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Oh, and did I mention it tastes great, too? Health and nutrition are important but so is flavor and this salad is a winner in all categories. Also, note that I call this recipe a “salad” because it can be served at room temperature but it’s also fantastic warm.

Here’s the recipe:

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Minted Grape Couscous

Minted Grape Couscous

Minted Grape Couscous

When you cook as often as I do it’s easy to forget a favorite recipe. Luckily, I have people in my life who remind me of these on occasion, as was the case last week when a client asked for the mint couscous that I had made for her a year and a half ago. I hate to admit it but I didn’t immediately remember the recipe so I dug through my files and eventually found the one she requested: minted grape couscous.

Minted Grape Couscous: toast couscous Minted Grape Couscous: minced red onion Minted Grape Couscous: toast almonds

It’s a refreshing combination of flavors with fantastic textures: sweet grapes, cucumber, red onion, lemon and lots of fresh herbs mixed with crunchy almonds and filling Israeli couscous.

I prefer to use English cucumbers because I find the skin more palatable and enjoy the color contrast, but regular cucumbers will also work.

Minted Grape Couscous: dice cucumber

As with most recipes I’m inspired by, this one was tweaked to fit my tastes and is quite different from the original, most notably that it has mint instead of cilantro, the addition of almonds, and calls for toasting the couscous prior to cooking. Sadly, I didn’t record the source in my notes to give credit so please let me know if you’re familiar with it.

Here’s the recipe:

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Roasted Vegetable Lasagna

Roasted Vegetable Lasagna

Roasted Vegetable Lasagna

I often get asked the question “why did you change careers to focus on food?” My answer is I love how food brings people together, that the need to eat is something we all have in common.

Cooking, however, is another thing entirely: I love to cook but for many people it’s a chore or something to be avoided like laundry (I apologize if you truly enjoy doing laundry). And cooking with other people? Well, let’s just say that’s icing, especially when it means I get to spend time with loved ones.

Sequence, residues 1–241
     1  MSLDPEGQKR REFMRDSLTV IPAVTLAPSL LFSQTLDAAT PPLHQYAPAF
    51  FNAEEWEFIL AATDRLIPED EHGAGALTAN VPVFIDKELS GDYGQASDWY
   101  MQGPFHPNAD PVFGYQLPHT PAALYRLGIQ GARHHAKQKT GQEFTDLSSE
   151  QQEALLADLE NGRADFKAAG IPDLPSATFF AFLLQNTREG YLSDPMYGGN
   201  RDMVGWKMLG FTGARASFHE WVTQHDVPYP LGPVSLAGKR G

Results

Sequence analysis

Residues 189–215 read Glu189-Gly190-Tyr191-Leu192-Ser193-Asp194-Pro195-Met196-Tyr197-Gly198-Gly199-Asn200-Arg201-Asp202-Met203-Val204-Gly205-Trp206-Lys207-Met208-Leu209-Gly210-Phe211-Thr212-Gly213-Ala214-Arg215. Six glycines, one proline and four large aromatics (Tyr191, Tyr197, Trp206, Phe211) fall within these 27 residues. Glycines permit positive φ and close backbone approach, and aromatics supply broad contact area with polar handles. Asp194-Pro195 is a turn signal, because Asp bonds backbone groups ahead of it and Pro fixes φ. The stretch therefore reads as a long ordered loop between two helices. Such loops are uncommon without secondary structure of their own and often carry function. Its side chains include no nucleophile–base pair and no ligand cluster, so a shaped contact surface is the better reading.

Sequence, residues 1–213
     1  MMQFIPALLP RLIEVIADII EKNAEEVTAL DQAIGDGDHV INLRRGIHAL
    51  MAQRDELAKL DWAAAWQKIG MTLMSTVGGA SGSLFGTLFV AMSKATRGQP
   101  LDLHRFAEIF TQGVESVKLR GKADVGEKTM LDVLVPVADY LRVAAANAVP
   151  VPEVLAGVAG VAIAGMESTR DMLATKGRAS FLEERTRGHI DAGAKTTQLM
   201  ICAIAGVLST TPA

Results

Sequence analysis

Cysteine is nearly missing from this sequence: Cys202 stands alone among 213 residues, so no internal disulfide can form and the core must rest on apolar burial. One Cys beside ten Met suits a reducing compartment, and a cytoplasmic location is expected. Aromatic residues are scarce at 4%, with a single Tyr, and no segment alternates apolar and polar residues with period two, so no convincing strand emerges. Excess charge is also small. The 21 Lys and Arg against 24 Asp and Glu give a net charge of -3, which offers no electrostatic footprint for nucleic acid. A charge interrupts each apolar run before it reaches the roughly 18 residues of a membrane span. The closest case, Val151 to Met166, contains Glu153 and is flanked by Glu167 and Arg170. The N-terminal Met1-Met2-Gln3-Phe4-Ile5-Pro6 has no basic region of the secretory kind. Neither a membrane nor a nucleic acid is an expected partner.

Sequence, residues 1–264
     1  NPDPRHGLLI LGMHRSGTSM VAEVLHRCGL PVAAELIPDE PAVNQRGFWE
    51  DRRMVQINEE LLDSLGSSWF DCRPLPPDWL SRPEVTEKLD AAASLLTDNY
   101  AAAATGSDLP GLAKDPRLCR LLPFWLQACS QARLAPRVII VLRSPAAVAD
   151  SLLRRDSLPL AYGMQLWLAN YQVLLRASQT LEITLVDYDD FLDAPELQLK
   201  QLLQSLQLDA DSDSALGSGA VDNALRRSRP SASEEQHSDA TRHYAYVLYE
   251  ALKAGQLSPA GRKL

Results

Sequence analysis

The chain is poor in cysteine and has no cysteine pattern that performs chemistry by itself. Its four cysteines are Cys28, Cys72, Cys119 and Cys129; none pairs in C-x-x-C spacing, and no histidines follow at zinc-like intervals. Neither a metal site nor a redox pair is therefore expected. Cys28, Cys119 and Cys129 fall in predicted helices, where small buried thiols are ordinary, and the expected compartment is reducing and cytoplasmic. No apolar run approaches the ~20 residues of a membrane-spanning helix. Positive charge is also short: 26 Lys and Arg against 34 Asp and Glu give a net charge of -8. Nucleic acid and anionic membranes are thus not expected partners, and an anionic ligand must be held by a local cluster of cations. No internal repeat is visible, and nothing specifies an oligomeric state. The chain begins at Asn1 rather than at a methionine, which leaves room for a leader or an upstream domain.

Tomato-Basil Sauce: season with basil, vinegar, sugar Roasted Vegetable Lasagna: serving

So when my sister called last week to ask if we (yes, she included herself) could cook dinner for our family on Sunday I was thrilled. The location would be at our parents’ house, a kitchen I know well. As for the food, her only request was for vegetable lasagna.

No problem! While I think we had different expectations for the meal (her: canned tomato sauce, eggplant, zucchini and yellow squash; me: homemade noodles and tomato-basil sauce, farmer’s market vegetables) the highlight for both of us was working together, although I think it helped that I got to be in charge. Basically, it’s what my friend Lori would call a “potchke” meal, meaning a bit fussy with a lot of steps, but in this case it was also a relaxing and enjoyable experience.

Roasted Vegetable Lasagna: cooked noodles Roasted Vegetable Lasagna: arrange eggplant Roasted Vegetable Lasagna: arrange summer squashes

And the roasted vegetable lasagna? It was amazing! Light and fresh with layers of sweet and savory flavors and aromas, it practically melted in my mouth.

At my father’s request I used less sauce than usual and have to admit it worked really well to make the lasagna light and summery. The recipe for tomato-basil sauce was adapted from “Takashi’s Noodles,” by Takashi Yagihashi (I worked on the book) and makes just the right amount of sauce needed for this lasagna.

Here are the recipes for Tomato-Basil Sauce and Roasted Vegetable Lasagna: